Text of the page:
2007 Volkswagen New Beetle Performance
Based on the VW Golf platform, the 2007 Beetle comes standard with a 2.5-liter in-line five-cylinder engine. While U.S. News reviewer Rick Newman says that "The Beetle is about driving. Period," Edmunds considers it more of a "boulevard cruiser." "Decent, but not exceptional in any category," concludes the . It continues, "It lacks the zoom of a Mazda 3, the sassiness and smart handling of a Honda Civic Si, and the homeboy attitude of a Chevrolet Malibu SS. It's just an egg of a car, a motorized curio -- interesting, but not compelling."
Acceleration and Power
Test drivers report that the Beetle's 2.5-liter 5-cylinder engine delivers zippy, immediate acceleration. The 2007 Volkswagen New Beetle is mated to a standard 5-speed manual transmission but can be fitted with an optional automatic. U.S. News reviewer Rick Newman calls the acceleration on the New Beetle "vibrant," finding that accelerates "like a hare." Automobile Magazine agrees, finding that, "Setting off from traffic lights, it feels quick." But praise for the 5-cylinder engine's power isn't universal. "Acceleration is modest," finds the , which also reminds Beetle shoppers that it "isn't intended to be a performance car."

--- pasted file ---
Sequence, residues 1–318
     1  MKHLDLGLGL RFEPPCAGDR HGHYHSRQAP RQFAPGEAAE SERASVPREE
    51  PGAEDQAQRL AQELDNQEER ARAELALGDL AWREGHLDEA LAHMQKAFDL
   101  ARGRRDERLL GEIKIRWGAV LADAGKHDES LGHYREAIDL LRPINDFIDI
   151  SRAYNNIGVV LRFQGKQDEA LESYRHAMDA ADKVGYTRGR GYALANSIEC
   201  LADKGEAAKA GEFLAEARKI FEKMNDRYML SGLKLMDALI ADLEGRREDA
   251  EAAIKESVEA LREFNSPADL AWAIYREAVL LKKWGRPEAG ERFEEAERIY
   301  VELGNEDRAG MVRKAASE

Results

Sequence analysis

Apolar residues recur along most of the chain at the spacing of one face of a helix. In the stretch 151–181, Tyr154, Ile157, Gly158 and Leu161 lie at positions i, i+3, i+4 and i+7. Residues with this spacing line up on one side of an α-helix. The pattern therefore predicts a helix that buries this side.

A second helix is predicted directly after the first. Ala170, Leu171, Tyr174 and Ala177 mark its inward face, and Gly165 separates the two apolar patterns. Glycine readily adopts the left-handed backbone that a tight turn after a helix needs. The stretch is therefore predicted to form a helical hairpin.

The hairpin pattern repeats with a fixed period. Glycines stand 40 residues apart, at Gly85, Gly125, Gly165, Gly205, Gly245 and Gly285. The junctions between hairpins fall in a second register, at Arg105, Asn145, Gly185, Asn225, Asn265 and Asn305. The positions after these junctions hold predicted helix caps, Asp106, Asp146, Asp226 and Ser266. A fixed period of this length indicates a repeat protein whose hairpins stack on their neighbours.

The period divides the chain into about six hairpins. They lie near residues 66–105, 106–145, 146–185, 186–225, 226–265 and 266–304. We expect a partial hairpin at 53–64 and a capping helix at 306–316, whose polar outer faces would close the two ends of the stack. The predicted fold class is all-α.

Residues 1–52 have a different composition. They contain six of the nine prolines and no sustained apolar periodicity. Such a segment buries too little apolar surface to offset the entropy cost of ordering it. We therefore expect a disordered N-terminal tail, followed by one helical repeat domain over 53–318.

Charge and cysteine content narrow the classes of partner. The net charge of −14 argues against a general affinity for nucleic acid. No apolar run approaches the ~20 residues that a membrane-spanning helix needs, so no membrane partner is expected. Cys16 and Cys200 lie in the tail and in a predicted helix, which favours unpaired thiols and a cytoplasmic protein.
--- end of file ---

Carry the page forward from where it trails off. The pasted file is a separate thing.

"When you stomp the clutch, push the accelerator and shift gears, the motorized egg moves," claims the.
The 2007 Volkswagen New Beetle has an EPA fuel economy rating of 20 mpg in the city and 29 mpg on the highway, about on par with most of its competitors.
Handling and Braking
"The New Beetle is not as agile as a MINI Cooper," according to MSN, "but its steering is fast, handling is good, braking is strong and the ride is firm but compliant."
Most auto reviewers find the 2007 New Beetle to be smooth and comfortable on the road, with the optional 17-inch tire upgrade receiving ample praise for delivering additional road grip. The 2007 Volkswagen New Beetle is fitted with independent, MacPherson strut front suspension, front and rear stabilizer bars and torsion beam rear suspension. U.S. News reviewer Rick Newman calls cornering "tight" and steering "taut" on the 2007 Volkswagen New Beetle, citing the 17-inch tires to "provide the grab of a much larger car."
The Edmunds, among others, also praises the Beetle for its comfortable, soft tuned suspension.experienced a decent ride and handling but pronounced wind noise while cruising the interstate. It also reports strong performance when driving off the straight, smooth highway: "Good grip in corners and turns while still cushioning cabin occupants from bumps in the road."